“Be careful little lips what you say–for the Father up above is looking down with love; so, be careful little lips what you say.” Many toddlers have been taught these sweet lyrics, complete with hand motions.
I remember bringing my own children to our table, each equipped with a small tube of toothpaste. They laughed and giggled as I instructed them to squeeze every last drop of paste out of their tubes and onto the plates before them. Giggles abruptly ceased when the next instruction was to carefully put all the paste back into the tubes. (I quietly gave thanks for the author of the article I had read who suggested this wonderful analogy to teach children that words, once spoken, cannot be put back.)
Such activities help inculcate habits of mindful speech. I think something is still missing in our society today, however; otherwise, we wouldn’t have so much bullying going on in our schools. Perhaps, that “something” involves teaching our children that what we see in a person eight-or-so hours a day in a school environment is not the complete essence of that person’s life. We don’t know their “whole stories.” And, often, those stories are sad and troubled.
When I was in high school, the “clique” pretty much tortured whomever they chose on a given day. One girl, in particular, was often subjected to their wrath. Their favorite topic on which to hone in was her hair–it was greasy. Day after day, the “clique” would leave samples of “Gee, Your Hair Smells Terrific” shampoo on her desk (or, throw them at her during class) with boisterous suggestions that she try some. I never took part in their malicious taunts, but I never did anything to stop them, either. For more than 25 years, I carried the haunting pain of cowardice, and prayed that God would somehow allow that girl’s path to cross mine once more so that I could apologize to her. He did. I did. She forgave me. Then, she asked if she could tell me “her story.”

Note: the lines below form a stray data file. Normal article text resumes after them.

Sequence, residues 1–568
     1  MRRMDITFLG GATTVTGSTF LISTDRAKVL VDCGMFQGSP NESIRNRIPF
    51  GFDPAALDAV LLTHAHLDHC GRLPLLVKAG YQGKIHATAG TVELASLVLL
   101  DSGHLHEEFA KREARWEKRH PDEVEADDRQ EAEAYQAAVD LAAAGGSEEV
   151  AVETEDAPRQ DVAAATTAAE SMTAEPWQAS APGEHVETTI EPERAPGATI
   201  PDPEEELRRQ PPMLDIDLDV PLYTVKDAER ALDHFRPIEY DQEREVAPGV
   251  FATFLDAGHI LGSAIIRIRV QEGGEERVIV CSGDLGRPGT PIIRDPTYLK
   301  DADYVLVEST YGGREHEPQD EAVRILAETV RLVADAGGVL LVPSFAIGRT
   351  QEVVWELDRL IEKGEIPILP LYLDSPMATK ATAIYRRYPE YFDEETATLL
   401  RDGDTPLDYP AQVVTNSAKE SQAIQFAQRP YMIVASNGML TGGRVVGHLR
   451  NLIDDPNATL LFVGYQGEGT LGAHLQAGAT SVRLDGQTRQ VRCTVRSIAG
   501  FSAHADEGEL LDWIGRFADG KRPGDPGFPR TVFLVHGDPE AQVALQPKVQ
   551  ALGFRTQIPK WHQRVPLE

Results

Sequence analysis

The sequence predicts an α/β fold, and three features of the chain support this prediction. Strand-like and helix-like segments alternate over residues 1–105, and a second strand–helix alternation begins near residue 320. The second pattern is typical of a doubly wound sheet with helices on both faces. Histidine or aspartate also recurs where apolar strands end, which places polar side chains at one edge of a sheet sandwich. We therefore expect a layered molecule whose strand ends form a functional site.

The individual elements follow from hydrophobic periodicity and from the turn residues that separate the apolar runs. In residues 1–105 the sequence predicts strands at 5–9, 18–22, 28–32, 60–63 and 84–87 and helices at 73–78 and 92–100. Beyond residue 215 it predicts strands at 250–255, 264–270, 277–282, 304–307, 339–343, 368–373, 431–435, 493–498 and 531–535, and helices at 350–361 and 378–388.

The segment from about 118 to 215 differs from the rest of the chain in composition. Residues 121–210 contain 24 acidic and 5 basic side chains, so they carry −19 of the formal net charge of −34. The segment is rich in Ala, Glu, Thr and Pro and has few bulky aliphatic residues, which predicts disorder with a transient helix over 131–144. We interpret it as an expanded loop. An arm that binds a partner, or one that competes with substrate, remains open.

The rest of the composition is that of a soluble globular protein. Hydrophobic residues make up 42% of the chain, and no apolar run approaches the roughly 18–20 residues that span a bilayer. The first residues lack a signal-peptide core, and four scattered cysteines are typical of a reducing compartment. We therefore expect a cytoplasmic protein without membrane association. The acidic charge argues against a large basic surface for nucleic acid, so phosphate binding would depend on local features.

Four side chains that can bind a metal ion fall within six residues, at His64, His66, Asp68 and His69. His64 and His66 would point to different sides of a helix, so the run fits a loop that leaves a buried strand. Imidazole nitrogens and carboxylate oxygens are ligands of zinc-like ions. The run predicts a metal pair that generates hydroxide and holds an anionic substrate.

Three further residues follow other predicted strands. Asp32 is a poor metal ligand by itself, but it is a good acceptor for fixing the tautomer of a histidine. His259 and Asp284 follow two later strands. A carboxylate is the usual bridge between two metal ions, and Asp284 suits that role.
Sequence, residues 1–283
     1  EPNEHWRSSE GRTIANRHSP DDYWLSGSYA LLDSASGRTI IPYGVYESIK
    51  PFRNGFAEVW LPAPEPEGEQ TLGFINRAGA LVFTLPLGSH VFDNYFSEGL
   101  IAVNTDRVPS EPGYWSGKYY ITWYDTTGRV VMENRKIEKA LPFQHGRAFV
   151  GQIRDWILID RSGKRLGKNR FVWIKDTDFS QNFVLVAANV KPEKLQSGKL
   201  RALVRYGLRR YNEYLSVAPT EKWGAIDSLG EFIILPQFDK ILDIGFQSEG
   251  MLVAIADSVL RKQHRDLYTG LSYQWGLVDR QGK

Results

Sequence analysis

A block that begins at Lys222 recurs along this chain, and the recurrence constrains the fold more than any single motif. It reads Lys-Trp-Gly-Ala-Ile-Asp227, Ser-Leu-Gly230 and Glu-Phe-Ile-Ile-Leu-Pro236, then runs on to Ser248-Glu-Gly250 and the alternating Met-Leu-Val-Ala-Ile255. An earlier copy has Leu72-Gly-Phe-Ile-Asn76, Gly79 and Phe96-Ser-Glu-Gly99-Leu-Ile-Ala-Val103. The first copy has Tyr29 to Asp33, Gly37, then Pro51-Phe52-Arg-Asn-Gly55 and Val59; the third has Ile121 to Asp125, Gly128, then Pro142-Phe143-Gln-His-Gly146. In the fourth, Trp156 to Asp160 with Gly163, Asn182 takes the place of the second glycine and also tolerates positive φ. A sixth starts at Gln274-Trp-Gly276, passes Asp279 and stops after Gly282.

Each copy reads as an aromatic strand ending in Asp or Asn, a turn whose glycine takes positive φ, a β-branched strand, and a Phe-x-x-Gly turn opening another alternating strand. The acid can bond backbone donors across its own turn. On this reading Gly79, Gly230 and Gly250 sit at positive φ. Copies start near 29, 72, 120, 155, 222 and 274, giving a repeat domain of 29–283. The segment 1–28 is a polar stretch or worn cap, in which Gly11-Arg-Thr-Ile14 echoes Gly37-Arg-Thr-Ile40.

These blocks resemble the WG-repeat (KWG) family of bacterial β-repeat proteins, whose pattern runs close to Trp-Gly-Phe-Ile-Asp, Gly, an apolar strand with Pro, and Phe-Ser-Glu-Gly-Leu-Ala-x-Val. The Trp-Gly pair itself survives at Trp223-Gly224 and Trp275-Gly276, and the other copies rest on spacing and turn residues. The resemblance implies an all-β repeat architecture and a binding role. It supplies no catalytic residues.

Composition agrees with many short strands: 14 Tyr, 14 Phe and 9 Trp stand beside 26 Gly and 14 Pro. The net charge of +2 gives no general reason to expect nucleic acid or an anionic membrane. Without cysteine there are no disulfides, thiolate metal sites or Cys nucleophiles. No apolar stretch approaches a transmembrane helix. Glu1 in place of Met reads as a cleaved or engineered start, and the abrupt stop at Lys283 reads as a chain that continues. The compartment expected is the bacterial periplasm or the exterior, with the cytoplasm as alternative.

It turns out there was a very good reason her hair was greasy. She lived with a mother who forbid her to shower more than once every week or so. She told me she loved Friday gym classes, because we were able to take showers after class–she would wash her hair and get as clean as possible until the next week.
I wonder if the outcome would have been different if the “clique” had known the story behind the hair.
Since we’ll never know everyone’s story, it’s unlikely bullying will be brought to a screeching halt by some sudden mass movement of empathy. However, we can teach our children that every person “has” a story, (including those who comprise the “clique”) and many times, that story is not a bed of roses. For all-too-many kids in all-too-many schools, the smiles they wear and the carefree attitudes they exude are simply faux exteriors, mastered to hide pain within.
Teaching our children to be mindful of that fact might help reduce the number of bullied victims—and, who knows? It just might reduce the number of bullies, as well.
Judy Dudich resides in the beautiful woods of Pennsylvania, where 24 acres of land and a home-office provide the perfect setting for her children’s home-education and her own homesteading and business ventures. Life is full of blessings (and challenges!) for Judy, as a wife, mother of 10 and Grammy to six. She is a published author, whose book, “I Surrender/A Study Guide for Women” continues to encourage and support others in Christian family lifestyles throughout the world. Judy has also previously worked in the online speaking circuit. Her passion for permaculture, re-purposing, foraging and organic gardening fills her days with learning and adventure that she loves to share.